Samsung SmartThings, Wink, and to a lesser degree, Iris by Lowe’s. Vera Control, Ltd. seems to be targeting the hardest of the hard-core enthusiast, boasting that its VeraPlus Advanced Home Controller is certified to work with more than 1700 smart devices. But I had trouble getting two of the three products they sent along with the VeraPlus to work at all. Installing the VeraPlus itself wasn’t a cakewalk either.

As with many smart home hubs, the VeraPlus connects to your router via an ethernet cable. Once you’ve done that, you’re walked through a setup routine—either via a web interface or a downloadable app. I performed the initial setup over the web, but used both approaches to set up sensors and smart devices. The trouble started on the first screen, as the setup routine was unable to auto-discover my new VeraPlus unit.

Instructions told me to type in serial numbers and MAC addresses printed on the bottom of the device, after which I was able to proceed. Again, setup was tedious and a little arcane (this is the first time I can recall having to type out “California” in a setup field), with multiple validation emails/text messages and the ever-popular firmware update—in this case, two of them. That process oddly erased about half of my account information, placing me in Alabama but also the time zone for American Samoa.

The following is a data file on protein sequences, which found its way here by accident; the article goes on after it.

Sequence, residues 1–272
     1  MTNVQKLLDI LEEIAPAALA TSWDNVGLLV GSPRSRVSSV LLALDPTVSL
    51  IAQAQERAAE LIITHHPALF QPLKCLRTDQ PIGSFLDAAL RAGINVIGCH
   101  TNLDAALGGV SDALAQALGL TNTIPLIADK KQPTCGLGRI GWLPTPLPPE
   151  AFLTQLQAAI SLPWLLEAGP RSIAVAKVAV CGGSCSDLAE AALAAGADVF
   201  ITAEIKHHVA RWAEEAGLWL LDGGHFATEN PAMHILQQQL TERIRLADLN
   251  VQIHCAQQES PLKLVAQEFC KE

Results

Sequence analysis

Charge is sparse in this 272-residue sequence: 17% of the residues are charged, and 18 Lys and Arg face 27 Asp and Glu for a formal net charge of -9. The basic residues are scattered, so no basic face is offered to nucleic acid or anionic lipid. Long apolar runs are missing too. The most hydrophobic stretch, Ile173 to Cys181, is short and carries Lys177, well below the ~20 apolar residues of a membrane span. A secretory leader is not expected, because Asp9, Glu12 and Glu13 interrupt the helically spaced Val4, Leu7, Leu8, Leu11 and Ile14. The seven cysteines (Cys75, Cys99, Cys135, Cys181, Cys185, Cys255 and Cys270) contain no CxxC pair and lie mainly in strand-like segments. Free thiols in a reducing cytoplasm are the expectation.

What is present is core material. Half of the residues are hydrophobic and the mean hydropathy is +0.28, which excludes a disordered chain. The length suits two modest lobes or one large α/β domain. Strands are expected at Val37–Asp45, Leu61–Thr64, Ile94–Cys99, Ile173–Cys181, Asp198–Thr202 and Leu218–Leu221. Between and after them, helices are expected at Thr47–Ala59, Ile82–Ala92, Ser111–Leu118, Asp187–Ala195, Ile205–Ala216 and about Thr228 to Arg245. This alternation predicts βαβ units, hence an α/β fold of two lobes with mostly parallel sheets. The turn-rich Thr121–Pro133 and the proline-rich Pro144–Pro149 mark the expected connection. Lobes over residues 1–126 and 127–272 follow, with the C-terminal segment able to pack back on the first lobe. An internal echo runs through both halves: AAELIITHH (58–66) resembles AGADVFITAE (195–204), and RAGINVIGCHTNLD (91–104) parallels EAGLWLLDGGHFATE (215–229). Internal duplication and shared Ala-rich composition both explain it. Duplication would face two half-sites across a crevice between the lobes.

Veraplus error message

Christopher Null/IDG

If you don’t understand what it means to “exclude” and “include again” a Z-Wave node, the VeraPlus isn’t the right smart-home hub for you (and it might not be even if you do).

I put it all behind me, because now it was time to set up some devices to work with the VeraPlus. The hub supports all the important smart-home protocols—802.11ac Wi-Fi, Z-Wave Plus, ZigBee, Bluetooth LE, and even Insteon—and with a universe of 1700 certified devices, you shouldn’t have trouble finding popular brands, right? Yeah, not so much. Honeywell’s Lyric and all Nest thermostats are supported, but First Alert is the only certified smoke/carbon-monoxide detector you’re likely to recognize.

You can connect a Philips Hue bridge for lighting control, but many other popular smart bulbs—LIFX, Cree, and TP-Link—aren’t listed as being certified. Prefer in-wall controls? GoControl is well represented, but not Leviton or even GE Jasco (only that company’s plug-in modules are listed). There’s a Z-Wave doorbell—and dozens of sensors—from Aeotec, but the Ring Video Doorbell isn’t listed. You’ll see lots of Samsung smart appliances, but no other brand is represented.